Amy Singley's mother and Steven Smith's mother became friends when they shared a room in the maternity ward at St. Luke's Hospital in Fountain Hill, Pennsylvania in 1986. Their babies were both born on April 17th of that year. The two families remained in contact over the years as they attended the same church. Now Amy and Steven, who have dated since high school, are set to be married on June 12th. Neither of them will ever have an excuse for forgetting the other's birthday.

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Thanks to a Wet Winter, New Zealand Faces a Potential Potato Chip Shortage
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New Zealand has plenty of unique and tasty snacks, but kiwis also love potato chips. The universal comfort food is in danger Down Under, however, as an unusually wet winter has devastated the island country’s tuber crops, according to BBC News.

Twenty percent of New Zealand’s annual potato crop was wiped out from a series of major storms and floods that ravaged the nation’s North and South Islands, The Guardian reports. In some regions, up to 30 percent of potato crops were affected, with the varieties used to make chips bearing the brunt of the damage.

Potato prices spiked as farmers struggled, but the crisis—now dubbed “chipocalypse” by media outlets—didn't really make the mainstream news until supermarket chain Pak’nSave posted announcements in potato chip aisles that warned customers of a salty snack shortage until the New Year.

Pak’nSave has since rescinded this explanation, claiming instead that they made an ordering error. However, other supermarket chains say they’re working directly with potato chip suppliers to avoid any potential shortfalls, and are aware that supplies might be limited for the foreseeable future.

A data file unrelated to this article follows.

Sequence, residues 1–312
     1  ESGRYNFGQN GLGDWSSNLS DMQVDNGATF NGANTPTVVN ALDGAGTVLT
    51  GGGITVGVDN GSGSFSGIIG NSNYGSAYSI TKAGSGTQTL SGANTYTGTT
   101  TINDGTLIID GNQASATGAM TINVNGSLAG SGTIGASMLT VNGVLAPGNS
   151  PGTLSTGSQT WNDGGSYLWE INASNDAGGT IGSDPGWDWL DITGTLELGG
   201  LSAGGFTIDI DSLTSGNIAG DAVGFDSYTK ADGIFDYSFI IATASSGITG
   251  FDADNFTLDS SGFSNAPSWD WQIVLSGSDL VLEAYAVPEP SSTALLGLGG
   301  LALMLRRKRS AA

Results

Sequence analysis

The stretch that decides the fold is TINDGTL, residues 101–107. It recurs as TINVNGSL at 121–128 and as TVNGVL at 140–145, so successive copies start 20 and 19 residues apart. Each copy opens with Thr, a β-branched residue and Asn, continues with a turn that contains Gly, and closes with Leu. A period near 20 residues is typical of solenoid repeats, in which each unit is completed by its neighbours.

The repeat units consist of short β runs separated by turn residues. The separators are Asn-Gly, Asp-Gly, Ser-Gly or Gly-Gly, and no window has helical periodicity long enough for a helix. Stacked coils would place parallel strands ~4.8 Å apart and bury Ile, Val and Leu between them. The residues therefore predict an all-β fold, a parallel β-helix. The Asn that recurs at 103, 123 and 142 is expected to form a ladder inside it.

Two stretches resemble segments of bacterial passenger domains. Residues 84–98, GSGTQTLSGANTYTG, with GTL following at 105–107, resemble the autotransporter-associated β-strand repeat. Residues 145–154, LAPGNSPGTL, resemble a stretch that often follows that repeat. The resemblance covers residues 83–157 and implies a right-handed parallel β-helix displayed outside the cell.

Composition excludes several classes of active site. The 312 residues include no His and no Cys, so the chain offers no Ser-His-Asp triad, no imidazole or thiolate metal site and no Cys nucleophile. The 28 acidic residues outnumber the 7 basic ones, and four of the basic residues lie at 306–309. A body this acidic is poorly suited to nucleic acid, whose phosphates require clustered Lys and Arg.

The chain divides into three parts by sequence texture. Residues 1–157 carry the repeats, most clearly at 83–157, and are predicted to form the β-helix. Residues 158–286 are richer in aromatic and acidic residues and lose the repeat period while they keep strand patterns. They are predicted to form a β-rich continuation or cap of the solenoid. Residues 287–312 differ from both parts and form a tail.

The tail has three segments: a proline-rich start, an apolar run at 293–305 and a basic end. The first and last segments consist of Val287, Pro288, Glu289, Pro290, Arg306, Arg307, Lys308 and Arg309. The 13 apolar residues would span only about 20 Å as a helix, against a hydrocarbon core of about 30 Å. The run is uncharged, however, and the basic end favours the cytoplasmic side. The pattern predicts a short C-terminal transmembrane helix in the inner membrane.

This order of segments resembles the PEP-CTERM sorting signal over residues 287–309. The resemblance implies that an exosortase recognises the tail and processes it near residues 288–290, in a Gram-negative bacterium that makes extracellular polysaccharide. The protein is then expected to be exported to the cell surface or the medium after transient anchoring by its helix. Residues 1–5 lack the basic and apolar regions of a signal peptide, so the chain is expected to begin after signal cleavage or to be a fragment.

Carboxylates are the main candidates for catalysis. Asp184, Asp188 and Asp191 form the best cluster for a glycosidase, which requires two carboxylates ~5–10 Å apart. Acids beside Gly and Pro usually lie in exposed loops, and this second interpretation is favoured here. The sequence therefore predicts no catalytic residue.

New Zealand’s potato farming crisis extends far beyond the snack bars at rugby matches and vending machines. Last year’s potato crops either rotted or remained un-harvested, and the ground is still too wet to plant new ones. This hurts New Zealand’s economy: The nation is the world’s ninth-largest exporter of potatoes.

Plus, potatoes “are a food staple, and this is becoming a food security issue as the effects of climate change take their toll on our potato crop,” says Chris Claridge, the chief executive of industry group Potatoes New Zealand, according to The Guardian.

In the meantime, New Zealanders are preparing to hunker down for a few long months of potential potato peril—and according to some social media users, kale chips are not a suitable alternative. “Chipocalypse” indeed.

[h/t BBC News]

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Supermarket Employees to Compete in National Bagging Competition
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In today’s busy world, efficiency is king—especially at grocery stores, where long checkout lines can turn even the most patient shopper into a petulant purchaser. It only makes sense, then, that a nationwide competition exists among supermarket employees to determine the country’s best bagger.

As the Associated Press reports, Alysha Orrok, a teacher from Portsmouth, New Hampshire, recently won her state’s Best Bagger competition. She’s now headed to the U.S. finals, which will take place in Las Vegas in February 2018 and is sponsored by the National Grocers Association (NGA).

In Las Vegas, finalists from more than a dozen states—ranging from Washington to Florida—will duke it out onstage to see who’s truly king or queen of the checkout line. Competitors will be judged on weight distribution, appearance, speed, and technique (no smushed bread or bruised fruits allowed).

Orrok, who works evenings and weekends at a local grocery store, says she was initially clumsy on the job. “My first day as a bagger I dropped a soda and it exploded everywhere,” she told NBC Boston.

Over time, though, Orrok got so good at her side gig that she decided to compete in the New Hampshire state bagging competition earlier this month. At the tournament, "I was like 10 seconds faster than the next person," Orrok said. "I feel like I get in the zone and I just fly."

Competitors heading to 2018’s Best Bagger competition will face off to see who can achieve the best customer service in the shortest time span. The grand prize is $10,000, which will be awarded to a deserving grocery store employee “with infectious company pride and an enthusiastic commitment to customer service,” according to the NGA.

[h/t NBC Boston]